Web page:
Something has started happening in my life that I never expected; indeed, I never even anticipated. As I grow old, I keep running into myself!
As a boy, I had a lot of curiosity. One way I expressed this was to look at things very, very closely. Naturally, at some point in time I got a microscope for Christmas. Then along came a chemistry set, and then later a telescope. I learned a lot about the physical world from these tools. In those days, these items were actually more tool than toy.
Also as a boy, I had a great imagination. I would get on the floor, either in the living room or in the basement, and set up my spaceship sets or blocks or whatever and play for hours. I had no difficulty transporting myself into my play. I think my ability to imagine facilitated this mental leap.
I also read a lot. I enjoyed comic books first but moved into paperback books when I was a little older. The town library was within walking distance so I got exposure to hardbacks as well. And the price was always right at the library, especially in the late summer when I was bored and the air conditioning felt great. I really liked science fiction and could easily get lost in books by Arthur C. Clarke, Robert Heinlein, A. E. Van Vogt, Jack Williamson, Fredrick Brown, and Isaac Asimov. The only real problem I had while getting lost in books was my imagination – I’d start reading a book and the next thing I knew I was awaking from a daydream! Uh … what was this story about again? I’d have to go back and re-read the last ten pages to find out.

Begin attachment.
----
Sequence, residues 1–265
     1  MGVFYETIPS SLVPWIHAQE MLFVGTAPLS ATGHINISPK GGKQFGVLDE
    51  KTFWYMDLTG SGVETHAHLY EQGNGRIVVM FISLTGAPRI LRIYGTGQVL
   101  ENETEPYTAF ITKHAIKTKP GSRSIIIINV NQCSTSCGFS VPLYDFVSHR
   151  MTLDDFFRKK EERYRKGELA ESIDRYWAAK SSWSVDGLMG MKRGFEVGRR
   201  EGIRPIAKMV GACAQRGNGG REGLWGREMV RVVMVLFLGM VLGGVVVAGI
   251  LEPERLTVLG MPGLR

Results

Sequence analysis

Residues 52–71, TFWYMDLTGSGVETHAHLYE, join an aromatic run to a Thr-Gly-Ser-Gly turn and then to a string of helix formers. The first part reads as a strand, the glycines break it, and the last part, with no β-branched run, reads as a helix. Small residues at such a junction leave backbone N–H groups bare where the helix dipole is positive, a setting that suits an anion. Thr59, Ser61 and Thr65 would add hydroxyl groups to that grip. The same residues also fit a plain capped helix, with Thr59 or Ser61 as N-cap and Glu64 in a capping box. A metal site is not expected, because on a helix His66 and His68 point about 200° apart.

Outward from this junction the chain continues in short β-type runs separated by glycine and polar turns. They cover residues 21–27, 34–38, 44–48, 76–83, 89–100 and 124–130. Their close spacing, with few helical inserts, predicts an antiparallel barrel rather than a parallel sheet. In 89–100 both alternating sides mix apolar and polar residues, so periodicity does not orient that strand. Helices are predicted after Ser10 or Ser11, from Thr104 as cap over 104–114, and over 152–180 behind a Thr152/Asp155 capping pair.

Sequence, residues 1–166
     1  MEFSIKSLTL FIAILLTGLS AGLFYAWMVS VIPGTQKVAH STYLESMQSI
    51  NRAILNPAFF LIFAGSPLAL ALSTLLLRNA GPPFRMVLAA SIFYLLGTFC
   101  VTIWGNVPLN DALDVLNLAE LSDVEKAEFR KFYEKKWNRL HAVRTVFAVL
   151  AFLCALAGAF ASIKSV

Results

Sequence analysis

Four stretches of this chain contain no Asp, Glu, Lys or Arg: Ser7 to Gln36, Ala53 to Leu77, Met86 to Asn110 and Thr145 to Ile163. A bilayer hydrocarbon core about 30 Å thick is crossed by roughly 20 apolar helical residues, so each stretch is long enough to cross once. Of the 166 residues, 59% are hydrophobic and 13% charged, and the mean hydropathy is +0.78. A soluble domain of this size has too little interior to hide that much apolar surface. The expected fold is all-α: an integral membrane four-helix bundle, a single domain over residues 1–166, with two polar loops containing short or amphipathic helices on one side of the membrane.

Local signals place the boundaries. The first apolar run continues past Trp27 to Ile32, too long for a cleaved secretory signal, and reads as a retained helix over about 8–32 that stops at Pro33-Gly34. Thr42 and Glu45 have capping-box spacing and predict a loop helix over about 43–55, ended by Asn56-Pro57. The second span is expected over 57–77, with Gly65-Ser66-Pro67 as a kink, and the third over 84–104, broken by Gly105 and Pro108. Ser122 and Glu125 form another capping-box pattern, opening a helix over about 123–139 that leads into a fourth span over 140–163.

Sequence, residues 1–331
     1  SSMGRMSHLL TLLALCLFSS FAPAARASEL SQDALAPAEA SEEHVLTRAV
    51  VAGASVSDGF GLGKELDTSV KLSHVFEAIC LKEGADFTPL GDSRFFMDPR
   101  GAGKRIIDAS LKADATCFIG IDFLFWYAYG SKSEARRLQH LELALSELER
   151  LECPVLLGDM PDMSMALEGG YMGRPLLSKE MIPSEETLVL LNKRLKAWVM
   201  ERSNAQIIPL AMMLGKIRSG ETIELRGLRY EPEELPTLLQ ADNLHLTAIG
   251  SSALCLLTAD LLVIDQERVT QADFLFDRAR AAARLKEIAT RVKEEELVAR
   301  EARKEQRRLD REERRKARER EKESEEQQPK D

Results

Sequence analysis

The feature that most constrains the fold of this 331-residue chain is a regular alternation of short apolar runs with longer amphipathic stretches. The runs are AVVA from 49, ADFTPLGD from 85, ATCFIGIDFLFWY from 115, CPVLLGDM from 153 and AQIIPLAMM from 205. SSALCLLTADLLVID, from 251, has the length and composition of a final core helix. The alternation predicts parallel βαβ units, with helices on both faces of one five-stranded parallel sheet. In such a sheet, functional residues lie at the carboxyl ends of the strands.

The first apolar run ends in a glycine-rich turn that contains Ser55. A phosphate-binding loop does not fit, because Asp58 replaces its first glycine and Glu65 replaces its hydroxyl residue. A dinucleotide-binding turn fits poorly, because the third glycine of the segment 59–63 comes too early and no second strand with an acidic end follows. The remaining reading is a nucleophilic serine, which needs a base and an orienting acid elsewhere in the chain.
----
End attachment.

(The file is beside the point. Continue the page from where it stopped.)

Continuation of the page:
Throughout my adult life, I’ve been curious, somewhat imaginative, and have read fiction off and on. However, I largely turned my back on these qualities when I came of age. I went out to meet the world on its terms and learn whatever I could. I was, after all, an adult. Uncle Sam gave me the opportunity to travel to foreign lands. A solid education gave me a professional career and the resources to raise a family in a nice town with good schools. I’m eternally grateful for such good fortune and fond memories.
Now, however, I interact with the world pretty much on my own terms. I spend more time doing the things I like to do, not unlike when I was a kid: I read, learn, research, study, think, work with my hands, and imagine. Fortunately, I don’t have the problem with daydreaming that I used to have when reading fiction. I realize now that daydreaming as a young boy was all about me – I was the hero, the protagonist – in whatever adventure I was daydreaming about. I suspect this is true of the daydreams of most young boys, and perhaps girls as well.
I find that I almost never daydream anymore. I’m not sure if it is because I no longer have the need, or I no longer have the faculty, or both. What I do apparently need is some real adventure in my life. That’s why I own a cruising sailboat and spend my winters sailing in Florida. Each year I push myself a bit further, doing something I’d never done, nor would have ever done, before.